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Francis Patton overjoyed with BZS link-up

Francis Patton Primary School

Teachers at Francis Patton are celebrating as they have received some very positive science results after tests sat by their Primary 6 students.

“Back in March, the students took two ministry tests on food chains and caring for the environment,” said Alandra Swan, the P6 teacher at Francis Patton, “and on both tests, they have scored an average of 85 per cent.”

Although students had been performing fairly well in science previously, the school is attributing some of the success to the assistance they were provided by the Bermuda Zoological Society’s school programme.

“I wanted my students to receive engaging and hands-on learning experiences from teachers and experts who know a lot about the topics the children were learning about,” Ms Swan said.

“The classroom experience at BZS has helped students to quickly and easily recall information with vivid detail because they were able to touch, feel, observe and explore the topics in depth, thus extending their knowledge beyond the Cambridge curriculum. Also, BZS has an abundance of resources for students to access, making for a much more enriching experience than what the classroom could offer.”

Jamie Bacon, the education officer at BZS, said: “A year and a half ago, the principal of Francis Patton, Mrs Garita Coddington, asked if we could provide her P6 students with three classes that reviewed the majority of biology topics taught from P3 through P6.

“She was concerned that these students may have missed topics during the transition to the Cambridge curriculum. Last year and this year, the BZS education department gave three 1½-hour-long classes, each one week apart, on topics including the characteristics of living things, the senses, habitats and adaptations, food chains and nutrition, and major threats to the environment. The classes included hands-on activities and structured inquiries plus review materials for the students.”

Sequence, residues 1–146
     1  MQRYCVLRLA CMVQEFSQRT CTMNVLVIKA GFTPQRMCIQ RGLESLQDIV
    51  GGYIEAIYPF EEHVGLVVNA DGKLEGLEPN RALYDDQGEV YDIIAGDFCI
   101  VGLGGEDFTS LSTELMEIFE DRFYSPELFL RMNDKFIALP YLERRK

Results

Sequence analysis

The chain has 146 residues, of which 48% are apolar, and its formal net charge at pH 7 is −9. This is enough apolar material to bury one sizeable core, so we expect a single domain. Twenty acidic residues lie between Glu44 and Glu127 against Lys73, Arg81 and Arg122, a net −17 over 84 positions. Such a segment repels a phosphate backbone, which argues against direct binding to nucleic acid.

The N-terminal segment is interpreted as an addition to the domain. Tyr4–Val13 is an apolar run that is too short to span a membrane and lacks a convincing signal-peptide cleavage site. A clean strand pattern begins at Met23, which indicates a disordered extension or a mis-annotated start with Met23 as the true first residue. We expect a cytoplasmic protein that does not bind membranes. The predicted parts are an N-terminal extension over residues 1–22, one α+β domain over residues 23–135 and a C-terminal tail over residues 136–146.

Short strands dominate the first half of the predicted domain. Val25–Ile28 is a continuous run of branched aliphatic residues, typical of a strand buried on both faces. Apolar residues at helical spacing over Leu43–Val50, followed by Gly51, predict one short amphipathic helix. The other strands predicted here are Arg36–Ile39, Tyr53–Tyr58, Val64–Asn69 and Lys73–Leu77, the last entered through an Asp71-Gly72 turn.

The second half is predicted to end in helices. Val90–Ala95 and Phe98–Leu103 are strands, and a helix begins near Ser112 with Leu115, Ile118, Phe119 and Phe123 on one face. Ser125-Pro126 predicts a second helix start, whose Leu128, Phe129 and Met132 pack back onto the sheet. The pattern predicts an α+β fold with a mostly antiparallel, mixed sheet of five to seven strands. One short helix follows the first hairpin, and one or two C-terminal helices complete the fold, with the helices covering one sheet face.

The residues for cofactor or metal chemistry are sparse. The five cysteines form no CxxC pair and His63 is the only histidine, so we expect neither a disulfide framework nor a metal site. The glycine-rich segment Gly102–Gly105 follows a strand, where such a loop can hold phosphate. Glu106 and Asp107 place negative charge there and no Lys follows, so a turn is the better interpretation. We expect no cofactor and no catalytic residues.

However, Dr Bacon believes that it was team effort that gave the students the solid foundation to succeed. “It was the combination of the way in which BZS presented the material and the excellent teachers at Francis Patton, who both prepared the students before each class and reviewed the topics between classes,” he said.

Ms Coddington, who spoke at the Hamilton Rotary Club today, could not be more pleased about the results. “Working with BZS has enhanced the quality of learning and, more importantly, opened our students’ minds to what BZS offers,” she said. “As one student stated, ‘All this time, I just go to the Aquarium to look at animals and have fun. I now know that I am actually learning as I have fun!’”

What makes the BZS schools programme so beneficial to the students who attend classes there?

“We realise that students have different learning styles, so we try to present our topics using a variety of methods, emphasising hands-on experiences whenever possible,” Dr Bacon said.

“Our aim is to have all students able to understand the material, no matter what their learning style is. We are also both knowledgeable and passionate about what we teach, and students recognise and respond to our expertise and enthusiasm by becoming very engaged during our classes.”

Ms Coddington believes the experience should serve as a message to all the Island’s educators. “Take advantage of all the local educational opportunities offered,” she said. “BZS has a team that will work with you, meet your needs as a teacher and the needs of your students. They are willing to go above and beyond to ensure that your experience with them is a success. At Francis Patton, every year level from P1 through P6 attend field trips at BZS to support teaching and learning.”